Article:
19 January 2014
All the back to school catalogues landing in my mailbox prompted nostalgic memories. Getting my stationary order was the best thing that happened to me all year. Brand new pencils, rubber, ruler and exercise books.
Fountain pens and plastic ink refills. Or a Schaeffer that sucked up ink from the bottle. Or plain old nibs slipped on the to handle, dipping it in the ink in the ink-well fixed sunk into the desk.
It was a bit humiliating a couple of times when school began and I did not have my stuff because mum could not pay for it. The school would rustle up something for me. Even just thinking about it, half a century later, tightens my chest and brings tears to my eyes. You would think I would be over it by now!
Sharpening my new pencils was a ritual that never ceased to inspire me with eagerness to get stuck into the new year of school. I can still recall the smell of the new painted wood as it shaved off, the tang of the lead. Mum would slice a flat edge off from the end of each pencil and I would write on my name with my new Biro. (I suppose that is still the same these days, unless you get a packet with your name already printed on the pencils. It is just not a big deal if you lose some because they are so cheap to buy.) And every year, I would have the same thought, what do I use the big hole in the sharpener for? I don’t think I ever had a pencil thick enough to make use of that hole while I was at school. I do now, my charcoal pencils.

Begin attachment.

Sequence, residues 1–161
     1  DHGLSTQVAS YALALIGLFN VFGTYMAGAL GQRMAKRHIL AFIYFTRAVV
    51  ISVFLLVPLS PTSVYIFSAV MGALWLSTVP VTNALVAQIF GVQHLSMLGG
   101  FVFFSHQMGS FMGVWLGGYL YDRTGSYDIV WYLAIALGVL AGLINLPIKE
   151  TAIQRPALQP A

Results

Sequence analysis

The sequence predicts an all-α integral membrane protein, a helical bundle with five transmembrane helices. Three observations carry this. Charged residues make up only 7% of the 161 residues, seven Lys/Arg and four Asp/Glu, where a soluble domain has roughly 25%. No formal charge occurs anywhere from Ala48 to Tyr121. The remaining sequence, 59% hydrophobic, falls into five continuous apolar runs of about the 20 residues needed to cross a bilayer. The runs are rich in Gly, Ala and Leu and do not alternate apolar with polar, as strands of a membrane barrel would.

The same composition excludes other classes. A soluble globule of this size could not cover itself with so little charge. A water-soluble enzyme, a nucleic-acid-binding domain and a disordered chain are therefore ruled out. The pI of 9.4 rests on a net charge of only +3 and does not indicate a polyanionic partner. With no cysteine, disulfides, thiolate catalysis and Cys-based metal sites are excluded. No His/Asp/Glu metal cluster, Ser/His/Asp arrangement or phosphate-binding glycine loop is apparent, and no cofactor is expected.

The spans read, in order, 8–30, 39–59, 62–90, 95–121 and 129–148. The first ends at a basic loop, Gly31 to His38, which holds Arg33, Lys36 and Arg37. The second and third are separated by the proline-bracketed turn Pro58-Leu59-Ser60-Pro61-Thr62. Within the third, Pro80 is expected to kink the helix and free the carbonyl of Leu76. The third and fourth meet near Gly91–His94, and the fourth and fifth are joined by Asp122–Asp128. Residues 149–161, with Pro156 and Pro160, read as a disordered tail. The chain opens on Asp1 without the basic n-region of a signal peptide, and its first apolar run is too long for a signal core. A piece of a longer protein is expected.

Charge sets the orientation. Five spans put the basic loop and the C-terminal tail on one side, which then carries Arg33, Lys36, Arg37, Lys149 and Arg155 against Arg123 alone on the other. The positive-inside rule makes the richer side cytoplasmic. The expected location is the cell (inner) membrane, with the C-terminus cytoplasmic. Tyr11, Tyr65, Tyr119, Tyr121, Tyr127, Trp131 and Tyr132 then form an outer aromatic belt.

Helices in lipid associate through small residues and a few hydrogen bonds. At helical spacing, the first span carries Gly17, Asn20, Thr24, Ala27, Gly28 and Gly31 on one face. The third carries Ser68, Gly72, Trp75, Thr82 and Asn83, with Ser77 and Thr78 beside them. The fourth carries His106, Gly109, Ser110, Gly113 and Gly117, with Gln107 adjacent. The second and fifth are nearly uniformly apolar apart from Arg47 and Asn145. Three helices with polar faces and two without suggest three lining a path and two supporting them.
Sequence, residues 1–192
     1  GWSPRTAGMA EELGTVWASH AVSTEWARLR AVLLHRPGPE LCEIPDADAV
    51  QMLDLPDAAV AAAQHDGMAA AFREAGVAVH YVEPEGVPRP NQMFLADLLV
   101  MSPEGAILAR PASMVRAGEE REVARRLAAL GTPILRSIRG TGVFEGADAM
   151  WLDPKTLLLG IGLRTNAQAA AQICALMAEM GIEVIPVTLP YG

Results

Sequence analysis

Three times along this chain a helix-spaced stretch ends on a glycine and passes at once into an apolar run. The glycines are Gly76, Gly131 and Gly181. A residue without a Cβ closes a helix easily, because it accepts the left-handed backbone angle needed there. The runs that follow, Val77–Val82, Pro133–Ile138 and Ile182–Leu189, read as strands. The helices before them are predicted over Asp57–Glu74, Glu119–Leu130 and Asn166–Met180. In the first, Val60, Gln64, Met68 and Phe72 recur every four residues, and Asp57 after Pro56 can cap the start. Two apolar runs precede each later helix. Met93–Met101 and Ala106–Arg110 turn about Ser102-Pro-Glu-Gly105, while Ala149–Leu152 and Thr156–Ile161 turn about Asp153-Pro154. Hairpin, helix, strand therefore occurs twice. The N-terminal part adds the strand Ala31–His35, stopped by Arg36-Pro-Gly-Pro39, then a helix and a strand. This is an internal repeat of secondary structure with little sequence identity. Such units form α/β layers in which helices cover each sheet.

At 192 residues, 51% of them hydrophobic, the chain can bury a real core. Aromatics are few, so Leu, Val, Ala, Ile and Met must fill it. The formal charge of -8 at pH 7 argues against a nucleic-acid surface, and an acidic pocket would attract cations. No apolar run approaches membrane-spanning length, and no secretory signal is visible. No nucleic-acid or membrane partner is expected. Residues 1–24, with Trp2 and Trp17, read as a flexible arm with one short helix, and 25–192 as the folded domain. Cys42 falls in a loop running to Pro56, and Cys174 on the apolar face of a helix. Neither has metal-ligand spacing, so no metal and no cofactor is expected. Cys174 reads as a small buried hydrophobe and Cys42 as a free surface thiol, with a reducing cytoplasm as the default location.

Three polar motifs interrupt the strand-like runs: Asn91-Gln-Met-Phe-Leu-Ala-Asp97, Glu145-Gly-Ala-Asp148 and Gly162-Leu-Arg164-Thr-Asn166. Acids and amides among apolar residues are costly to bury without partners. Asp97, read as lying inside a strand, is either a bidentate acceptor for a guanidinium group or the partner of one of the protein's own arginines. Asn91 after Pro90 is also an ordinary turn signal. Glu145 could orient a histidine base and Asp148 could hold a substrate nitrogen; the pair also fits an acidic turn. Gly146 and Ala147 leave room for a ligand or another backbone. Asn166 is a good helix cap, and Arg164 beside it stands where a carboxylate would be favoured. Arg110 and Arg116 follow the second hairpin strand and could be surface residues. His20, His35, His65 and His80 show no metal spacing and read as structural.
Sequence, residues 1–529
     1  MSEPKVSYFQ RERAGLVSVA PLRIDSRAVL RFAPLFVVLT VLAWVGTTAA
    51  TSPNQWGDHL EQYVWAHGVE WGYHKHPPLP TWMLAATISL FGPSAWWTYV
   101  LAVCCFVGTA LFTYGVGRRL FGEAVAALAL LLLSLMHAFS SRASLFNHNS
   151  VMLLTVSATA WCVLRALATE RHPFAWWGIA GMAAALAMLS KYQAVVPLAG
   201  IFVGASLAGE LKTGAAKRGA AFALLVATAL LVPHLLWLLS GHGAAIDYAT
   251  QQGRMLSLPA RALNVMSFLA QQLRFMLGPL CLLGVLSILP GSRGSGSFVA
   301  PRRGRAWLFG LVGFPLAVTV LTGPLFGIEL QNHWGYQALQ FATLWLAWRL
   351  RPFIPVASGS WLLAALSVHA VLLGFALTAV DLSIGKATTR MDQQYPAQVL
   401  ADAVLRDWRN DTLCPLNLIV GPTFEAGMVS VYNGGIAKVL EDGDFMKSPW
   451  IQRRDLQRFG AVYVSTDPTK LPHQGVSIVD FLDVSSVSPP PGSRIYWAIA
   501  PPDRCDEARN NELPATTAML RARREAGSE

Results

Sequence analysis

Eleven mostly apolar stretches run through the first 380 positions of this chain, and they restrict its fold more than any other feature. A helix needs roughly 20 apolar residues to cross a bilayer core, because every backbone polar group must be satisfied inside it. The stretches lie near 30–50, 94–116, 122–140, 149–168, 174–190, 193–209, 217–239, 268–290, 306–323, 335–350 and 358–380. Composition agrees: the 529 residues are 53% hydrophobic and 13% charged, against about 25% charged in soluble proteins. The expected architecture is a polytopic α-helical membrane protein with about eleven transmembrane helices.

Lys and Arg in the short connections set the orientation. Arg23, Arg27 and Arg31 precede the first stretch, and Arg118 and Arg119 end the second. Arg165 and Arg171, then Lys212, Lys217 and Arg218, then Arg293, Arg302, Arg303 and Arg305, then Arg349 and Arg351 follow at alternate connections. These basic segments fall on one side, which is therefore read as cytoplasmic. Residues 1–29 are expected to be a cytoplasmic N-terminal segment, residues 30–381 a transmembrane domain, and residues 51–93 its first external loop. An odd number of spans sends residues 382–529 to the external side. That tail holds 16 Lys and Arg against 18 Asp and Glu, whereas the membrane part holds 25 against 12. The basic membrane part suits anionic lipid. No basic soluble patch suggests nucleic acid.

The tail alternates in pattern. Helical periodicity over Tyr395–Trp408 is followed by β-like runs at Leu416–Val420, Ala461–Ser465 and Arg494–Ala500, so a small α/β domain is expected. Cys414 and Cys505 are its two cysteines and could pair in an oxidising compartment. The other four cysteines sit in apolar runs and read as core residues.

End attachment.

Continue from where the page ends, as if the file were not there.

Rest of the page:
Some years I covered my exercise books with plain brown paper, but others we had proper book cover paper and stuck on labels. Clag! oh yes, how could I forget Clag. I loved the stuff. Sure beat flour and water paste for ease of use. The books began so pristine. I wish one had survived to the present day. I do still have my childhood sketchbook though. Not that I know where it is at the moment. In the junk room. Hopefully not eaten by mice.
Sometimes my school clothes were secondhand, especially dearer items like blazers and bowler hats. But not always. We always had new shoes.
Protractor, you always had to have one. I wasn’t much good at maths. Just could not get interested, not the way I loved writing, reading, geography, history, art and crafts and learning French (cannot remember the language now of course — non, oui, la fenetre!) I got by in sewing and cooking.
School bags, catching school buses, playing hopscotch, the list goes on.
I will come back to this page one day and add associated memories to this list of schools.
Balmoral Consolidated School — and I was STILL in Grade One, having missed prep!
Gray Street Primary, Hamilton – Grade five
George Street Primary, Hamilton – Grade six
Hamilton High School – Forms 1-3
Casterton High School – Form 4